It was 11:55 am when I glanced up at the clock in an effort to remember the moment when I had to say goodbye to my little boy.
I fought the medication that was supposed to sedate me; I wanted to remember what I could about “delivering” him. I needed to remember as much as possible, to know, in whatever small way that I could, that he was ok. I was his mother and I was going to lose him. Would he feel pain? Would his soul be cherished and loved even if I weren’t there? I love him so much and I needed to remember as much as I could because these would be the last moments I would have with my son. I needed to make sure he was ok.
I remember the clock,
I remember one of the nurses had a big head of bushy blonde hair,
I remember the 2 doctors just standing there looking at me with sadness in their faces,
I remember another nurse holding my hand and talking to me during the procedure,
I remember being covered in warm blankets,
I remember saying how much we wanted to keep him and how much we loved him and how I didn’t want to do this, but it was the right thing. They just listened.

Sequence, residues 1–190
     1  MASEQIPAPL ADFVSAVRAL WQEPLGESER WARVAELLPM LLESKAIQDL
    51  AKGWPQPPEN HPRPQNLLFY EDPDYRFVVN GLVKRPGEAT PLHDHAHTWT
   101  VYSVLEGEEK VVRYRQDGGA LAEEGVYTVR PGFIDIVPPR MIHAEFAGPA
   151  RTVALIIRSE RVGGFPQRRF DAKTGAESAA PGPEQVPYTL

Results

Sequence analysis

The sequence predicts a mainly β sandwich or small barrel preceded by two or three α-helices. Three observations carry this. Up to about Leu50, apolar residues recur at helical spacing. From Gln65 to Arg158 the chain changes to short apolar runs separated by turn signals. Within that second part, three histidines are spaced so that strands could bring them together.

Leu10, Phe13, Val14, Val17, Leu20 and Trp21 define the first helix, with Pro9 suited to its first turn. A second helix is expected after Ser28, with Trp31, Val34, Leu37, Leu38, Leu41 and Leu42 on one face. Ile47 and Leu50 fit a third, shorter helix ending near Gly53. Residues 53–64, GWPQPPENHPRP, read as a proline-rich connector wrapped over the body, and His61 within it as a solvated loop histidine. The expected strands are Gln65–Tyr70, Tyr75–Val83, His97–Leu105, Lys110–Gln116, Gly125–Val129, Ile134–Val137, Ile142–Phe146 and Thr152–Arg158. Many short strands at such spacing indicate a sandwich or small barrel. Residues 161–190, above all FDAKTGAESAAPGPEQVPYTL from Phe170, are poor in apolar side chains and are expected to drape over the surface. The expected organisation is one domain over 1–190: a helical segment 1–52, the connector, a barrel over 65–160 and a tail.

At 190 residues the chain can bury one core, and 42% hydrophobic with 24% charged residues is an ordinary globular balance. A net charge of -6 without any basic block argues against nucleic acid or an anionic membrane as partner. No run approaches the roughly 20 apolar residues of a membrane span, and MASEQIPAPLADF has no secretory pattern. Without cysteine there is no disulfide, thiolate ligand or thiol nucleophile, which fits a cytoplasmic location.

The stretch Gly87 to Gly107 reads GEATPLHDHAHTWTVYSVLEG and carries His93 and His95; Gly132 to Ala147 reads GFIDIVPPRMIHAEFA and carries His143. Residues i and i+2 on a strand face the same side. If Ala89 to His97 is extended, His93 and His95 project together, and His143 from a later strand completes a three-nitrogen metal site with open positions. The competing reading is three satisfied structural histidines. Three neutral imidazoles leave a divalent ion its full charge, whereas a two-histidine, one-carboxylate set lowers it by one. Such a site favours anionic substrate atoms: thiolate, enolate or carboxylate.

I remember screaming in pain and the doctor asking to increase the cocktail of sedatives.
…And then I remember waking up and it being over with.
Never did I think I’d have to end a wanted pregnancy.
* * *
We started trying to conceive almost immediately after we got married in May of 2016. I was in my 30s and I was finally ready. I hadn’t worried or cared too much about having children before. I was focused on my career, getting established, and putting money in the bank – you know, the practical approach. Still, time was ticking, and we forged forward, thinking ahead of all the to-dos and plans we’d make after we got pregnant.
One month turned in to two, then three, then four, five, six. The new year came and went, and we still weren’t pregnant. I eventually reached out to my OB and we started on the path to diagnosis. A year passed by. Failed IUIs, hormone therapy, and monitored cycles rendered a closed fallopian tube deemed “useless” or “off-limits”, our only resort, we learned, was IVF. We were devastated. I sat crying in the parking lot after that doctor’s appointment – knowing that the only way to have a child of our own was going to cost us thousands of dollars and even then there was no guarantee.
After getting the news, we decided to take December off and just enjoy the holidays. I was fortunate enough to have health insurance that would help with IVF, so we made plans that and 2018 would be the start of something new, OUR year. It was going to be hell and hurt us financially, but we were going to do IVF and have our baby. But that’s the thing about plans, they always seem to get interrupted.